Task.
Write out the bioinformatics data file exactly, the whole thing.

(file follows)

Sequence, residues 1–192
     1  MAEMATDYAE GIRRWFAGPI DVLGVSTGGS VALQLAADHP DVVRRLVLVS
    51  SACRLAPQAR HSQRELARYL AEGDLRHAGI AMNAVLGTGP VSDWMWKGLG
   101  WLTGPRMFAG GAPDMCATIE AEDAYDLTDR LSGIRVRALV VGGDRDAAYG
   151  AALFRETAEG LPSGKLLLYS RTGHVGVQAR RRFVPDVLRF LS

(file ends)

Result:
Sequence, residues 1–192
     1  MAEMATDYAE GIRRWFAGPI DVLGVSTGGS VALQLAADHP DVVRRLVLVS
    51  SACRLAPQAR HSQRELARYL AEGDLRHAGI AMNAVLGTGP VSDWMWKGLG
   101  WLTGPRMFAG GAPDMCATIE AEDAYDLTDR LSGIRVRALV VGGDRDAAYG
   151  AALFRETAEG LPSGKLLLYS RTGHVGVQAR RRFVPDVLRF LS